A patient from England said: "[When] you said that word daymare and as soon as you said that it just made sense, it's like not necessarily scary, it's just like you've had a dream and yet you're sitting awake in the garden…I see different things, it's like I come out of it and it's like when you wake up and you can't remember your dream and you're there but you're not there… it's like feeling really disorientated, the nearest thing I can think of is that I feel like I'm Alice in Wonderland."

Patients experiencing hallucinations were reluctant to share their experiences, and many specialists said they had never considered nightmares and hallucinations as being related to disease flares. Most said they would talk to their patients about nightmares and hallucinations in future, agreeing that recognising these early flare symptoms may provide an 'early warning system' enabling them to improve care and even reduce clinic times by averting flares at any earlier stage.

Lead author Dr Melanie Sloan from the Department of Public Health and Primary Care at the University of Cambridge said: "It's important that clinicians talk to their patients about these types of symptoms and spend time writing down each patient's individual progression of symptoms. Patients often know which symptoms are a bad sign that their disease is about to flare, but both patients and doctors can be reluctant to discuss mental health and neurological symptoms, particularly if they don't realise that these can be a part of autoimmune diseases."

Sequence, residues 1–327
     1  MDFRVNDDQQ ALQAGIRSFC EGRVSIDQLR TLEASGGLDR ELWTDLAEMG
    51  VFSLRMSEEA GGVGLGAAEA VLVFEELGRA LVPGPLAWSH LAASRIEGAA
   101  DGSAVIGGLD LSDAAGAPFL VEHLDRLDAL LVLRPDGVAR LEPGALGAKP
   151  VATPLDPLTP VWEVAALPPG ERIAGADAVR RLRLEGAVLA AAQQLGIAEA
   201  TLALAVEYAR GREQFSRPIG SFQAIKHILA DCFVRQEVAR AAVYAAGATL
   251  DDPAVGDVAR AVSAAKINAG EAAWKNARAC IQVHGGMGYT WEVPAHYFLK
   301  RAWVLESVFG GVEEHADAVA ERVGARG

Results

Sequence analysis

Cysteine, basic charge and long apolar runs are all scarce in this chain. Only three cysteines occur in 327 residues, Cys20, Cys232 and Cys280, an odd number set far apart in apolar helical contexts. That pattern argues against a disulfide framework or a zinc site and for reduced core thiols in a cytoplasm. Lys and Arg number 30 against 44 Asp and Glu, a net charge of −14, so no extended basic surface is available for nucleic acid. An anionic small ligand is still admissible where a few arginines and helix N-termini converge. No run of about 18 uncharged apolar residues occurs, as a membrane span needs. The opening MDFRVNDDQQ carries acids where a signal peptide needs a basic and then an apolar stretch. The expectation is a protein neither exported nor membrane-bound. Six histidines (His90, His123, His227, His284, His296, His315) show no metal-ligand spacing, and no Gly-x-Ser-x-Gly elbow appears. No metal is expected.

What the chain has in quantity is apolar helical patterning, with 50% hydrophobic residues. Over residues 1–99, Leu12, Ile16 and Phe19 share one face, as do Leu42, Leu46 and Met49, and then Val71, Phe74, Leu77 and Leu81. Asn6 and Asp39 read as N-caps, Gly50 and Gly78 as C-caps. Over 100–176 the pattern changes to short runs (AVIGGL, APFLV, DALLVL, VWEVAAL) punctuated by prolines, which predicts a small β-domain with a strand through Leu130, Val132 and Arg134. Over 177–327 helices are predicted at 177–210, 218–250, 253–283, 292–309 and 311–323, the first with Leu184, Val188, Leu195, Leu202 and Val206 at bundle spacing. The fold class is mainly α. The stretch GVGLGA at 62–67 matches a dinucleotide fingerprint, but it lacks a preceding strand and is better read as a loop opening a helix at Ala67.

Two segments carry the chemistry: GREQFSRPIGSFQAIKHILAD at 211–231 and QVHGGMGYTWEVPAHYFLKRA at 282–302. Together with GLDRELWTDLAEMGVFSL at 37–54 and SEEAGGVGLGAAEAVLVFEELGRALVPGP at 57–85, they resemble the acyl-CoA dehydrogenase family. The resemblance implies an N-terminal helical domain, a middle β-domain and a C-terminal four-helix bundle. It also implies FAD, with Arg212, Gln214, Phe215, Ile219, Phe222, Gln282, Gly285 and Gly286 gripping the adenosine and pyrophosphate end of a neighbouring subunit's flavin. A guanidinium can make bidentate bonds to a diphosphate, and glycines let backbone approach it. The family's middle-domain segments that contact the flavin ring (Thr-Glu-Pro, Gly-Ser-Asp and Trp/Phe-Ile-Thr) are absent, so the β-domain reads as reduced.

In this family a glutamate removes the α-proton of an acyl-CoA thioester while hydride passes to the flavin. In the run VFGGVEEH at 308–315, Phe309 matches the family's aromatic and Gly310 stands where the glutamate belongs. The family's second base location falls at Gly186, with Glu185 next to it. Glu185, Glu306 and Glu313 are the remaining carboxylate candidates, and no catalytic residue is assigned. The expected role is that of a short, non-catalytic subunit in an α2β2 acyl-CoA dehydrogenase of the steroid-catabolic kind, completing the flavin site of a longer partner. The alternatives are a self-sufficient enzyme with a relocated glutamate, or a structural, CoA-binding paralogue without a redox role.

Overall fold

Senior study author Professor David D'Cruz from Kings College London said: "For many years, I have discussed nightmares with my lupus patients and thought that there was a link with their disease activity. This research provides evidence of this, and we are strongly encouraging more doctors to ask about nightmares and other neuropsychiatric symptoms -- thought to be unusual, but actually very common in systemic autoimmunity -- to help us detect disease flares earlier."

The importance of recognising these symptoms was highlighted by reports that some patients had initially been misdiagnosed or even hospitalised with a psychotic episode and/or suicidal ideation, which was only later found to be the first sign of their autoimmune disease.

One patient from Scotland said: "At 18 I was diagnosed with borderline personality disorder, and then 6 months later with lupus at 19, so it's all very close together and it was strange that when my [borderline personality disorder] got under control and my lupus got under control was within 6 months."